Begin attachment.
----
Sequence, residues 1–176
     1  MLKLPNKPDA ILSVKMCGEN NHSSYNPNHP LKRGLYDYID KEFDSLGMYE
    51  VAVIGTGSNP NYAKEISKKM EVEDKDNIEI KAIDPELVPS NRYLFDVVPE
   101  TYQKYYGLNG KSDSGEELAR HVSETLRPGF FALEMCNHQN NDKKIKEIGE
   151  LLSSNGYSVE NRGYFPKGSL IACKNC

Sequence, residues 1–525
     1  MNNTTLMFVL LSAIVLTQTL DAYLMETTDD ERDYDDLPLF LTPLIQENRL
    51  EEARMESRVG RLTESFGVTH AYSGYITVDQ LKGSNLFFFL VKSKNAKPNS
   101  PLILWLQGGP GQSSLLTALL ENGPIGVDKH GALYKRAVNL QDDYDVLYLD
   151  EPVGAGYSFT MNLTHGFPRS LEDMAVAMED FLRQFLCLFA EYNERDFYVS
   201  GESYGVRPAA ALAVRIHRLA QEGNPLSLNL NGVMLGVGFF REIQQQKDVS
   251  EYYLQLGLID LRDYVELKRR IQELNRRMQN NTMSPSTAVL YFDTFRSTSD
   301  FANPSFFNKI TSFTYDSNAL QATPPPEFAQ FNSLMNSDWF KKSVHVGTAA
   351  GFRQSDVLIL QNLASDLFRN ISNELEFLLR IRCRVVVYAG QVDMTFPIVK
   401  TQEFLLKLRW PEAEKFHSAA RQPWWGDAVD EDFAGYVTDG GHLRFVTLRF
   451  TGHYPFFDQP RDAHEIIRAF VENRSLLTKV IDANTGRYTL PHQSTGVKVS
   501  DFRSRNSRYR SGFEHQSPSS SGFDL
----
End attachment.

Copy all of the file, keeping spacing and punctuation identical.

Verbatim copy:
Sequence, residues 1–176
     1  MLKLPNKPDA ILSVKMCGEN NHSSYNPNHP LKRGLYDYID KEFDSLGMYE
    51  VAVIGTGSNP NYAKEISKKM EVEDKDNIEI KAIDPELVPS NRYLFDVVPE
   101  TYQKYYGLNG KSDSGEELAR HVSETLRPGF FALEMCNHQN NDKKIKEIGE
   151  LLSSNGYSVE NRGYFPKGSL IACKNC

Sequence, residues 1–525
     1  MNNTTLMFVL LSAIVLTQTL DAYLMETTDD ERDYDDLPLF LTPLIQENRL
    51  EEARMESRVG RLTESFGVTH AYSGYITVDQ LKGSNLFFFL VKSKNAKPNS
   101  PLILWLQGGP GQSSLLTALL ENGPIGVDKH GALYKRAVNL QDDYDVLYLD
   151  EPVGAGYSFT MNLTHGFPRS LEDMAVAMED FLRQFLCLFA EYNERDFYVS
   201  GESYGVRPAA ALAVRIHRLA QEGNPLSLNL NGVMLGVGFF REIQQQKDVS
   251  EYYLQLGLID LRDYVELKRR IQELNRRMQN NTMSPSTAVL YFDTFRSTSD
   301  FANPSFFNKI TSFTYDSNAL QATPPPEFAQ FNSLMNSDWF KKSVHVGTAA
   351  GFRQSDVLIL QNLASDLFRN ISNELEFLLR IRCRVVVYAG QVDMTFPIVK
   401  TQEFLLKLRW PEAEKFHSAA RQPWWGDAVD EDFAGYVTDG GHLRFVTLRF
   451  TGHYPFFDQP RDAHEIIRAF VENRSLLTKV IDANTGRYTL PHQSTGVKVS
   501  DFRSRNSRYR SGFEHQSPSS SGFDL